Police and the independent charity Crimestoppers last week launched ‘Scratch and Sniff’, an initiative to help people spot the tell-tale signs of cannabis factories.
The objective of the campaign is to raise public awareness so that more people report suspicious activity to police, or if they wish to remain anonymous, to contact Crimestoppers.
The campaign is being launched as new figures reveal there was a 44 percent increase in cannabis factories across Northern Ireland in the last year.
A total of 130 cannabis factories were uncovered in the year April 2013-March 2014.
The previous year (April 2012-March 2013), a total of 90 factories were uncovered.
In the first five months of this reporting year (April-August 2014), a total of 49 factories have been uncovered.
Police officers across Northern Ireland will be distributing ‘scratch and sniff’ cards to the public to educate and inform them about the signs to spot and detect cannabis factories by recognising the specific smell of growing cannabis.
The cards contain an element that replicates the smell of cannabis in its growing state which is a different smell to when it is being smoked.
Speaking about the initiative, Assistant Chief Constable Drew Harris said: “More than two cannabis factories are being uncovered every week in Northern Ireland. They are illegal and they are dangerous. The money generated by them runs into millions of pounds. That’s money going into the pockets of organised criminals - used to fund even more criminal activity.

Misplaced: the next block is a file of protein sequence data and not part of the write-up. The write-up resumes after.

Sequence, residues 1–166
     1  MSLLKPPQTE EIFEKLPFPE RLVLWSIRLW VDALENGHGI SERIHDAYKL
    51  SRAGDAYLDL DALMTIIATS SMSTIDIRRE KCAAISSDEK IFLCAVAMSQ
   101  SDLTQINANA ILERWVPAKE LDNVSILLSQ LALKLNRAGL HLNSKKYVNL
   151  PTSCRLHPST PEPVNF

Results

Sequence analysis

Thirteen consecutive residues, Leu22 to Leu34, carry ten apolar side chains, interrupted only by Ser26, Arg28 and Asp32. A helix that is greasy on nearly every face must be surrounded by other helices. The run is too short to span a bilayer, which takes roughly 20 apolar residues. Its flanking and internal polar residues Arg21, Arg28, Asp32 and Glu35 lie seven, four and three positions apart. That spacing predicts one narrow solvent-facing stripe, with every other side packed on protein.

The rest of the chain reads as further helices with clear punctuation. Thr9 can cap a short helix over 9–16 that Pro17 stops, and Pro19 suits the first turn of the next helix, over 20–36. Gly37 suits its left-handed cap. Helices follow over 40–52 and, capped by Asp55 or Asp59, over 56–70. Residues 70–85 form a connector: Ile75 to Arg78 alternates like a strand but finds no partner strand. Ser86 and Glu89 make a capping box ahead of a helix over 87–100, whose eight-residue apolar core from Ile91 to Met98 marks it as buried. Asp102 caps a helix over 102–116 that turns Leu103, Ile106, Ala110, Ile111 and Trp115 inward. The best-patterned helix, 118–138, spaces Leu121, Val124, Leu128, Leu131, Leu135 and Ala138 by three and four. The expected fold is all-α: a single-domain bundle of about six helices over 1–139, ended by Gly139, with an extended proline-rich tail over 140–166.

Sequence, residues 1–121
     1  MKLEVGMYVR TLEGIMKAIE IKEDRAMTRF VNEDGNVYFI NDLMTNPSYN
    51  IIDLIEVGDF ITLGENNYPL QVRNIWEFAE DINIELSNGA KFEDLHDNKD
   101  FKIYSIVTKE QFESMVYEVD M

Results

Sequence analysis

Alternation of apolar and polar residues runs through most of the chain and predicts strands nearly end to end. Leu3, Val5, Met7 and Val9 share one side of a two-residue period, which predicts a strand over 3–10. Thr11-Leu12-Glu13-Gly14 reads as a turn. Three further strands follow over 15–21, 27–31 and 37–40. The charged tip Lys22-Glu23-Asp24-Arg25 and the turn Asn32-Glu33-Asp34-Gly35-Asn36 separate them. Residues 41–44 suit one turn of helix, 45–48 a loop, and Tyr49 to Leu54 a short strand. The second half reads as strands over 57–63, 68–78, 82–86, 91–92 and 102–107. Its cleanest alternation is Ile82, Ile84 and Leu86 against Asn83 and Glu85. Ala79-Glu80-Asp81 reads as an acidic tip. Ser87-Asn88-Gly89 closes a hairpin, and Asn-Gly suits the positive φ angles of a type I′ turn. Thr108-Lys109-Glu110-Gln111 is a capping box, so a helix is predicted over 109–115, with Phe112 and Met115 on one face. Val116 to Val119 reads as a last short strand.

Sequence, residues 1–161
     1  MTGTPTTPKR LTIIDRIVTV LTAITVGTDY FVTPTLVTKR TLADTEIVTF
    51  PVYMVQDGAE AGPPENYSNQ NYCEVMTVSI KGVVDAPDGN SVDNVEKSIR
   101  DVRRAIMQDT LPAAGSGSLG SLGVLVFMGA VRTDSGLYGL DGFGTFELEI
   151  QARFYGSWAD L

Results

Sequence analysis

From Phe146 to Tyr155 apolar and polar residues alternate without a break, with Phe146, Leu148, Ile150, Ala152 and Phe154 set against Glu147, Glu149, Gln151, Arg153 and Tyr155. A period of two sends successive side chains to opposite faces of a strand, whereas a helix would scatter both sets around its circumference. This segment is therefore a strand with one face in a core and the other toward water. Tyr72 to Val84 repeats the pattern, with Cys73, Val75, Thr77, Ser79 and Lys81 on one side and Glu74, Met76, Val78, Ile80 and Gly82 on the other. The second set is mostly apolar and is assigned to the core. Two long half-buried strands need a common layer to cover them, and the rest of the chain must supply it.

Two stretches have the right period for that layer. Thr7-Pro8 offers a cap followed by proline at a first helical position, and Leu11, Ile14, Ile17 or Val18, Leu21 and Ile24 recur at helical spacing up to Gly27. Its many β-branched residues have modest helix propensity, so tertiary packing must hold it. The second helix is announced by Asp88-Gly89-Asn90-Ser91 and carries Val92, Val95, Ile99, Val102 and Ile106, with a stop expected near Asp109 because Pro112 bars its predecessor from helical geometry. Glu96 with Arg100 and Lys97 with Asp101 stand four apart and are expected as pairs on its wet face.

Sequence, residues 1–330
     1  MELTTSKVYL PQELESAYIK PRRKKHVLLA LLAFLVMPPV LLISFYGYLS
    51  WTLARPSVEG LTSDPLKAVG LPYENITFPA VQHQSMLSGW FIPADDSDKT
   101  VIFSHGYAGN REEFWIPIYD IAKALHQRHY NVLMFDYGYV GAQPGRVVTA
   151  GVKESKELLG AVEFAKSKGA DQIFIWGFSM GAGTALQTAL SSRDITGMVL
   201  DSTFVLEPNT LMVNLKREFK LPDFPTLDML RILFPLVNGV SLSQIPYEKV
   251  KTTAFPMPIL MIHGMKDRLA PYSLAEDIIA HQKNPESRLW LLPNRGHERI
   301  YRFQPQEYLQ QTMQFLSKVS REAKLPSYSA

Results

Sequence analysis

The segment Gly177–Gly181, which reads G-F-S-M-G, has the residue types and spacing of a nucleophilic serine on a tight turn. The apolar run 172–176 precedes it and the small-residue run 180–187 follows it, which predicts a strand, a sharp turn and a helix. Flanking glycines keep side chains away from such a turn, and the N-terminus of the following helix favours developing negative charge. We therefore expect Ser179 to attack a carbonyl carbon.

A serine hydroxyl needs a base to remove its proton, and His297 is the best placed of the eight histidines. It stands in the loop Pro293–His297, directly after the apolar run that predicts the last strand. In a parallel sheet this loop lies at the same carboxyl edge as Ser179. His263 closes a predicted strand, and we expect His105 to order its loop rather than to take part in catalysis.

“From 1 April 2014 until 31 August 2014, police have arrested over 1,110 people for drugs offences and removed an estimated £3.9million of drugs from our streets. In that same time period we have also uncovered 49 cannabis factories across Northern Ireland.
“Over the coming weeks officers across Northern Ireland will be distributing ‘scratch and sniff’ cards to the public so that they will be able to recognise the signs and smells of cannabis factories in their local communities. We know that people may not realise that the empty, run down house or flat on their street with people coming and going may actually be a cannabis factory. It’s not just the stereotype of the remote rural dwelling or disused industrial unit.”
Local Chief Inspector Nicky Thompson added: “The Scratch and Sniff initiative is a new approach to a growing problem. The new cards will allow members of the community to help tackle the drug problem in our society. The distinctive smell is a tell tale sign of cannabis cultivation which the public should report to the PSNI or to Crimestoppers.
“If you do have any concerns about drug cultivation, dealing or supply in your community, please call local police on the 101 non-emergency number. You can also report via Crimestoppers on 0800 555 111. This information can result in searches being conducted which lead to drugs being seized or cannabis farms being closed down.”